Evolution of Computersand Programming Languages Computer Programming I
Evolution of Computers Computer Programming I
Mechanical Devices • Pascaline (1642) • Set of gears, similar to clock • Only performed addition • Stepped Reckoner • Gottfried Leibniz • Cylindrical wheel with movablecarriage • Add, subtract, multiply, divide, square roots • Jammed/malfunctioned
Mechanical Devices • Difference Machine (1822) • Charles Babbage • Produce table of numbers used by ships’ navigators. • Never built • Analytical Machine (1833) • Perform variety of calculations by following a set of instructions (or program) on punched cards • Never built • Used as a model for modern computer
Mechanical Devices • Babbage’s chief collaborator on the Analytical Machine was Ada Byron. • Ada Byron • Sponsor of Analytical Machine • One of first people to realize its power and significance • Often called the first programmer because she wrote a program based on the design of the Analytical Machine.
Electro-Mechanical Devices • Hollerith’s Tabulating Machine • Herman Hollerith – used electricity • For US Census • Holes representing information to be tabulated were punched in cards • Successful • Mark I (1944) • IBM & Harvard • Mechanical telephone replay switches to store information and accepted data on punch cards. • Highly sophisticated calculator - unreliable
Electro-Mechanical Devices • These devices were not mass produced. • Not Reliable • Still took time • Hollerith’s machine took 6 years for a general account. • Mark 1 – 51 ft. long, weighed 5 tons
First Generation Computers • Atanasoff-Berry Computer (ABC) • Built 1939-1942 • Used binary number system • Vacuum tubes • Stored info by electronically burning holes in sheets of paper. • ENIAC • Electronic Numerical Integration and Calculator • 1943, 30 tons, 1500 sq ft., 17,000+ vacuum tubes • Secret military project during WWII to calculate trajectory of artillery shells. • Solve a problem in 20 min that would have take a team of mathematicians three days to solve.
What is a Computer? An electronic machine that accepts data, processes it according to instructions, and provides the results as new data.
The Stored Program Computer • Alan Turing & John von Neumann • Mathematicians with the idea of stored programs • Turing • Developed idea of “universal machine” • Perform many different tasks by changing a program (list of instructions) • Von Neumann • Presented idea of stored program concept • The stored program computer would store computer instructions in a CPU.
The Stored Program Computer • Von Neumann, Mauchly and Eckert designed & built the EDVAC (Electronic Discrete Variable Automatic Computer) and the EDSAC (Electronic Delay Storage Automatic Computer) • Designed to solve many problems by simply entering new instructions stored on paper tape. • Machine language (1’s & 0’s)
The Stored Program Computer • Mauchly & Eckert built 3rd computer (UNIVAC - UNIVersal Automatic Computer) • 1st computer language – C-10 (developed by Betty Holberton) • Holberton also developed first keyboard and numeric keypad • First UNIVAC sold to US Census Bureau in 1951
Second Generation Computers • 1947, Bell Lab (Shockley, Bardeen, Brittain) • Invented the transistor • Replaced many vacuum tubes • Less expensive, increased calculating speeds • Model 650 (early 1960s) • IBM introduced first medium-sizedcomputer (Model 650) • Still expensive
Second Generation Computers • Change in way data was stored • Magnetic tape and high speed reel-to-reel tape machines replaced punched cards • Magnetic tape gave computers ability to read (access) and write (store) data quickly and reliably
Third Generation Computers • Integrated circuits (ICs) – replaced transistors • Kilby and Noyce – working independently developed the IC (chip) • ICs • Silicon wafers with intricate circuits etched in their surfaces and then coated with a metallic oxide that fills in the etched circuit patterns • IBM System 360 (1964) • One of first computers to use IC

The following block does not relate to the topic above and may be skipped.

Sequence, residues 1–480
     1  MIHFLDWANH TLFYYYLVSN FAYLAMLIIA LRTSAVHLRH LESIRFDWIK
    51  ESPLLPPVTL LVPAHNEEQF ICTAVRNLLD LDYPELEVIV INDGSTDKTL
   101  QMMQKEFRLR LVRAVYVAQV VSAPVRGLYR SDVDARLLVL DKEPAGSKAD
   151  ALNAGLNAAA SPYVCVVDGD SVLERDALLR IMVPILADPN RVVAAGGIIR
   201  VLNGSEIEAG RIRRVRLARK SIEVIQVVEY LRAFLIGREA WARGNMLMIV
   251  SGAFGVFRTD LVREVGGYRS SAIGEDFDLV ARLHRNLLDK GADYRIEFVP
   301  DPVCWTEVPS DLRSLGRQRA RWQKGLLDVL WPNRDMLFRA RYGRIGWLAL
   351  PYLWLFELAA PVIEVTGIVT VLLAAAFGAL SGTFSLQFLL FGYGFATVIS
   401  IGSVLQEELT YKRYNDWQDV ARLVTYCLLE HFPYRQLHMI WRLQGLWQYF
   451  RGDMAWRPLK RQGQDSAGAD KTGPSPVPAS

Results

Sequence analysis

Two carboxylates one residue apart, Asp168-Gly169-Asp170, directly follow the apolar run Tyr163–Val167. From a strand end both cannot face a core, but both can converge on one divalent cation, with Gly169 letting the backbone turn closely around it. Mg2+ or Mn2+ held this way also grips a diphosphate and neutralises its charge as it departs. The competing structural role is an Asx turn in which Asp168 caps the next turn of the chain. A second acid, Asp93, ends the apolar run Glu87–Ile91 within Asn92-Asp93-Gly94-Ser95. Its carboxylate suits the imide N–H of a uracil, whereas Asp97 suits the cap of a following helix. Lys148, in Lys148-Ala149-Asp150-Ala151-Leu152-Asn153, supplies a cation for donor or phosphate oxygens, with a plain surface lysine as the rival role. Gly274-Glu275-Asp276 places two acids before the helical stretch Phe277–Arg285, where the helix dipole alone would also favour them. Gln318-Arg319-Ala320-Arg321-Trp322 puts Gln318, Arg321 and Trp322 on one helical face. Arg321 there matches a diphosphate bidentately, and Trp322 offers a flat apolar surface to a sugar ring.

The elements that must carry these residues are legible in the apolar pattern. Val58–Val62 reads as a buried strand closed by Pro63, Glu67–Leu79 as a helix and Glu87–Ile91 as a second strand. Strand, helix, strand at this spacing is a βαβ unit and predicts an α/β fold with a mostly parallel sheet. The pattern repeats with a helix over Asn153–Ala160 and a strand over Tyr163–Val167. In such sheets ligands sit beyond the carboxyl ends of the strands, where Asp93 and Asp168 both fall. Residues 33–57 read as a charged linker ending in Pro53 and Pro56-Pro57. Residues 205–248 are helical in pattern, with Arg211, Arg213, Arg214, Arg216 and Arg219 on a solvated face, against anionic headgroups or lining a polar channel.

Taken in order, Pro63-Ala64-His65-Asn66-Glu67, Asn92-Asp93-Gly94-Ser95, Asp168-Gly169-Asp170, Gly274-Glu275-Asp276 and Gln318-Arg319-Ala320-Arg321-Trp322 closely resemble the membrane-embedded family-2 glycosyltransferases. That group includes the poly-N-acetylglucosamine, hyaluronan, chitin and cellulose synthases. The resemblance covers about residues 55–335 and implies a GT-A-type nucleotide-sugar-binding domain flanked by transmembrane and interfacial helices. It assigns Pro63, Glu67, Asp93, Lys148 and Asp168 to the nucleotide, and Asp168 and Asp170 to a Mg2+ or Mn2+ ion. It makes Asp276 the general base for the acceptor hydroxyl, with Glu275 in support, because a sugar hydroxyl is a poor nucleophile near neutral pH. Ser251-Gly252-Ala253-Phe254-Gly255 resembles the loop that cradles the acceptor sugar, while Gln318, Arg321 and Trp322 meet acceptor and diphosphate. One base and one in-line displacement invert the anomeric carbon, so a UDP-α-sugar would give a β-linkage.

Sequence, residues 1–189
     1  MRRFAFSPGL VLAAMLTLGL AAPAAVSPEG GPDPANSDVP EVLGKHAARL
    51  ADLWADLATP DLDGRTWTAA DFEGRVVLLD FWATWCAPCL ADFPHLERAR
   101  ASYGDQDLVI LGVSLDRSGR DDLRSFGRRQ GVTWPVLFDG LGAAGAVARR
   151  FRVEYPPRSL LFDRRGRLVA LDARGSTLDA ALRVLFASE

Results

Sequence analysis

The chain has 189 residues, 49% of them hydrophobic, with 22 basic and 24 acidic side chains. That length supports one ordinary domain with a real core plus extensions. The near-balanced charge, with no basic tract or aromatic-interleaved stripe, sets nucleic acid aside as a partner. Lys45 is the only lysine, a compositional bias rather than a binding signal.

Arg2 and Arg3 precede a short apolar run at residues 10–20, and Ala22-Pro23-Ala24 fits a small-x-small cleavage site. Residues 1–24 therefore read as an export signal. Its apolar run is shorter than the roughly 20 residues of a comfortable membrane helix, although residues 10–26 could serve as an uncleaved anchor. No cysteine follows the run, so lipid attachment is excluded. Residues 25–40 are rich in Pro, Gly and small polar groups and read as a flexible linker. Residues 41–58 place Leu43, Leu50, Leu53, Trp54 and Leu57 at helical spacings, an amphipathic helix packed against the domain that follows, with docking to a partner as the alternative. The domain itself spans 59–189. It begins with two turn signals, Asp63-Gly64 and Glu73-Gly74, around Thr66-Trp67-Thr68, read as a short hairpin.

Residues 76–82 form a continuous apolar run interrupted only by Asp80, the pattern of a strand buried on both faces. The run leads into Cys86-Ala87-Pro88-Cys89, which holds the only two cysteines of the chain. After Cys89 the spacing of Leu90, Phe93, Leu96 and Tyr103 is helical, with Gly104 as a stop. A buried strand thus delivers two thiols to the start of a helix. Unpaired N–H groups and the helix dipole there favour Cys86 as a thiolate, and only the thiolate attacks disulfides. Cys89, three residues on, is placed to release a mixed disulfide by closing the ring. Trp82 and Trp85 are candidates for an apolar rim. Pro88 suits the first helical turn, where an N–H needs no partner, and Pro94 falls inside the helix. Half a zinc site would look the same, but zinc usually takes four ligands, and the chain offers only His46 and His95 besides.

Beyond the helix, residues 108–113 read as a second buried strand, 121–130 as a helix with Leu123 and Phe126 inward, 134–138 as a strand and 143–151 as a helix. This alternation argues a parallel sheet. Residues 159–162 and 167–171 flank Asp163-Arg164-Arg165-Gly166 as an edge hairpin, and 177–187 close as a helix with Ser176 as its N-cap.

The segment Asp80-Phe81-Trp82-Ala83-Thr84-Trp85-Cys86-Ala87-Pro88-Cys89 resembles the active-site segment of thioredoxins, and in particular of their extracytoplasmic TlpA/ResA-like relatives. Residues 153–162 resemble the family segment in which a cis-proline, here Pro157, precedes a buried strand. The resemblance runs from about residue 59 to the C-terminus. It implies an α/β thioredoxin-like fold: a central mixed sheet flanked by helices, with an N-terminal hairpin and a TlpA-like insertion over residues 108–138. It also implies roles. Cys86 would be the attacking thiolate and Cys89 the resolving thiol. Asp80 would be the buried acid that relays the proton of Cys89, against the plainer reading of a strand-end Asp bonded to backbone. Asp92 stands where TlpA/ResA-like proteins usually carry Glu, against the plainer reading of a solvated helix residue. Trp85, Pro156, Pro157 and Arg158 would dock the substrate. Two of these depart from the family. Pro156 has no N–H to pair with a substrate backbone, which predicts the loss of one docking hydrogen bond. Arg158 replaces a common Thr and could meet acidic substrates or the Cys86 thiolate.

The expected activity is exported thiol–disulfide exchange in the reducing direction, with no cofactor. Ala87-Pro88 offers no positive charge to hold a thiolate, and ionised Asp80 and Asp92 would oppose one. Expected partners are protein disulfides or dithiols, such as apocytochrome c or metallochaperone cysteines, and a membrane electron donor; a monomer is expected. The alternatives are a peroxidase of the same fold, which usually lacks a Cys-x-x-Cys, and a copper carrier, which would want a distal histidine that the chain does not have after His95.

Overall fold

Mainframes A large computer that is usually used for multi-user applications IBM System 360 one of first mainframes Used terminals to communicate with mainframe
Fourth Generation Computer • Microprocessor (1970) • Hoff at Intel Corp, invented microprocessor • Entire CPU on a chip • Makes possible to build the microcomputer (or PC) • Altair – one of first PCs 1975 • Wozniak and Jobs designed and build first Apple Computer in 1976 • IBM introduced IBM-PC in 1981
Components of a Computer Computer programming 1
Components of the Computer CPU/Processor Memory (RAM) Storage Input Devices Output Devices
The Personal Computer • Hardware • Physical components • Input devices • Keyboard, mouse, cd/dvd, diskette drive, light pen • Peripheral devices • Scanner, printer • Output device • Monitor, printer
Desktop and Mobile Computing • Desktop computers • are single-user systems designed with microprocessor technology where an entire CPU is contained on a single chip. • Designed to fit on or under a desk.
Desktop and Mobile Computing • Mobile computing devices • Long-lasting batteries to allow them to be portable • Notebook computers • Portable, light-weight computers comparable to a desktop in capability • Tablet PCs • Similar to pad/pencil • Write on screen with stylus (pen) • Handwriting recognition software
Desktop and Mobile Computing • Mobile computing devices • Handheld computers • PDAs (Personal Digital Assistant) • Palm-sized • Contains applications for storing contact information, schedules, lists and games. • Use stylus for input • Smart phones • Cellular phones that are able to read and receive email and access the Internet • Some have cameras, video, mp3 players
Desktop and Mobile Computing • Mobile computing devices • Wearable computer • Designed to be worn • In clothing • Wristband • MP3 players, hands-free cell phones • Monitor health problems
The Personal Computer • Base Unit • Contains many storage devices such as a diskette drive, a cd/dvd drive, and a hard disk drive. • Contains the motherboard which contains • CPU (Central Processing Unit) • Processes data and controls the flow of data between the computer’s other units. • ALU (Arithmetic Logic Unit) • Performs logic and arithmetic operations • Makes comparisons • So fast that the time need to carry out a single addition is measured in nanoseconds (billionths of a second)